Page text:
This compares with 6,000 from normal seasonal flu and 21,000 in the last
flu epidemic in the winter of 1999/2000.
A death toll of 65,000 would be double the number who died during the
pandemics of 1957/8 and 1968/9.
It would make the outbreak the worst since the Spanish flu of 1918/19,
which killed hundreds of thousands in the UK.
John Oxford, virologist at Barts Hospital in London, said last night:
'It's fair for the NHS to put these assumptions on the table, but I would
predict that the number of deaths will be much, much lower - at the bottom
end of their scale.
'There is no reason for people to get into a flap over this. I've seen
the preparations and I'd rather be in England than anywhere else in the
Dr Steve Field, chairman of the Royal College of General Practitioners,
said last night: 'People should not panic. The virus seems to be very
infectious, but in the vast majority of cases it is causing only mild
symptoms. There is no cause for alarm at the moment.'
Barack Obama last night designated
£1.2billion for emergency use to fight swine flu. The U.S. President
said the money will go to buy vaccine ingredients to help health
officials plan for immunisation campaigns. The U.S. has had 211 deaths
from swine flu and 37,246 confirmed cases. In Britain, meanwhile,
anxious parents have stripped chemists' shelves of thermometers. Doctors
advise parents to check that their child's fever doesn't go above 98f.
Anything above 100.4f could mean someone has contracted swine flu.
Health chief's claims under the
Donaldson painted a frightening picture as he set out how the NHS would deal
with possibly the deadliest flu outbreak for nearly a century. This is, of
course, a worst case scenario. Here, DANIEL MARTIN analyses what lies behind
UP TO 65,000 COULD DIE
In a normal outbreak of seasonal flu, some 6,000 people lose their lives.
And in the last epidemic, that of 1999/2000, flu killed 21,000.
The death of 65,000 people in a single flu season - based on the
assumption that the contraction-to-death-rate which has occurred in Mexico
would be repeated here - would therefore make it the most severe flu
outbreak since 1919.
Many, perhaps most, people who contract the virus have no symptoms at
all, so are not counted in any statistics.
And others will not bother to alert their GP and will just stay in bed
with a mug of Lemsip.
The NHS assumptions are based on the best scientific evidence available
from the UK and other hotspots such as the U.S. and Mexico. A clearer
picture will emerge when the virus has spread further.
A THIRD OF THE POPULATION WILL CONTRACT SWINE FLU
This assumption is based largely on how many people contracted flu in
previous pandemics. In 1957/8 and 1968/9, between 25 and 30 per cent were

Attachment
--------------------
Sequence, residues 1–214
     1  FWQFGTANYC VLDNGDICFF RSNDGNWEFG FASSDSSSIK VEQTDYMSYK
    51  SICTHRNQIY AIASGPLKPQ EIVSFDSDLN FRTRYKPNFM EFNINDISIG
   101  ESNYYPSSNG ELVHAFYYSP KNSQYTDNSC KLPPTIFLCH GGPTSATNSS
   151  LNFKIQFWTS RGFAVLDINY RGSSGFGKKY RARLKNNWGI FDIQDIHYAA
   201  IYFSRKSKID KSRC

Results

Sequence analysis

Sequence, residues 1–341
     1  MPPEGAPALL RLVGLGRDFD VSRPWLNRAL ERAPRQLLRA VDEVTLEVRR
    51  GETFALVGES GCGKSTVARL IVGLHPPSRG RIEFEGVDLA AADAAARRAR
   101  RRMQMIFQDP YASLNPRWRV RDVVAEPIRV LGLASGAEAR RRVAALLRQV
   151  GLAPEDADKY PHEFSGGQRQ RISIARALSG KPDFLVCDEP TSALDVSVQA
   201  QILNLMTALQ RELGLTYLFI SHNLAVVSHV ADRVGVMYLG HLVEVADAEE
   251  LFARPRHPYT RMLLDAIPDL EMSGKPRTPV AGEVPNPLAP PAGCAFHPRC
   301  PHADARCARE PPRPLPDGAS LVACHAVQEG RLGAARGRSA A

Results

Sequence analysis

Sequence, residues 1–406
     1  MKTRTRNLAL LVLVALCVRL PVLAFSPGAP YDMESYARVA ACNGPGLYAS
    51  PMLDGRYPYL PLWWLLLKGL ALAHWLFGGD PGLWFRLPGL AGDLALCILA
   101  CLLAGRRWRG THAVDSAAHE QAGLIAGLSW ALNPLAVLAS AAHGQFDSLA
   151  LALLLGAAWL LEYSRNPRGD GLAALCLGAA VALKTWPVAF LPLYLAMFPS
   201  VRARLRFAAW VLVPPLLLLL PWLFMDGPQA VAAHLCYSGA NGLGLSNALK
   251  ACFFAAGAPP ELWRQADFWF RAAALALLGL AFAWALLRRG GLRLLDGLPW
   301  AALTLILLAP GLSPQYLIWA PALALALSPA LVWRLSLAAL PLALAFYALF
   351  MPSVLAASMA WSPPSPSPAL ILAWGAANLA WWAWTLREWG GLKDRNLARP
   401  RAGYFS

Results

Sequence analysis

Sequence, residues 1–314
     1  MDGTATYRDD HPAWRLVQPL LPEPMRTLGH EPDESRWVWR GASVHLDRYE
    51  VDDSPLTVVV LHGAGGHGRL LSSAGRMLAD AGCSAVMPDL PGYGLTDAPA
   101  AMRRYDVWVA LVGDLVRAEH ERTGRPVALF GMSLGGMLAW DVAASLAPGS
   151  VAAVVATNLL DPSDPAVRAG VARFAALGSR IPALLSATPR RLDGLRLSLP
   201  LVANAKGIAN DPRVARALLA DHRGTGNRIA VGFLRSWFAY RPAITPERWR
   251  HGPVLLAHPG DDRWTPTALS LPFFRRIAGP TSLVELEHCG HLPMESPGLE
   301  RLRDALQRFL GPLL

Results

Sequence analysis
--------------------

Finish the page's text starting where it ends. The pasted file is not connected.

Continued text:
Although they are working on the basis of 30 per cent of the population
getting swine flu, the authorities believe that the proportion among
pensioners will be much lower.
This could be because they have residual immunity to similar H1N1 viruses
contracted in their youth.
HALF OF ALL CHILDREN WILL BE INFECTED
Sir Liam believes the number of children catching the disease will be
higher, because it is the young who are bearing the brunt of it so far.
The average age of a British swine flu victim is 20 but the virus is more
prevalent in the under-14s than in other age groups.
Children - especially the under fives - are much more likely to end up in
It is believed the young are most at risk because they spend time in
large groups at school, and they have less immunity to previous strains of
So, by extrapolating existing infection rates among children they have
estimated that a half of children could eventually be affected.
This would indicate a worstcase scenario death rate of some 21,000
ONE IN EIGHT WORKERS COULD TAKE TIME OFF WORK
This estimate is based on absence rates during previous epidemics, and
the Government has admitted it is subject to 'some uncertainty'.
It assumes average absences of seven working days for those without
serious complications and ten days off for those with serious consultations.
It makes some allowance for people taking days off to look after ill
If schools close, absence rates could increase - because far more parents
will have to take days off.
Small businesses are very worried that many will take the opportunity to
shirk in the light of the swine flu epidemic.
Their fears have grown because the Government has said that people will
not have to get a doctors' note until they have already taken two weeks off.
THERE WERE 55,000 CASES OF SWINE FLU LAST WEEK
These estimates are based on around 100 surgeries across the country
which provide information to the Royal College of GPs.
This is then extrapolated into a national figure, showing the number of
people consulting their doctor with flu-like illnesses per 100,000 head of
At present, the figure is 73 people per 100,000 population being
diagnosed by doctors as having a flu-like illness.
Not all of these will have swine flu - but experts believe the majority
will. The rest will be those with other forms of flu, and people who just
have similar symptoms.
However, it also may be an underestimate because not all people with the
disease actually bother to see their GP or ring NHS Direct.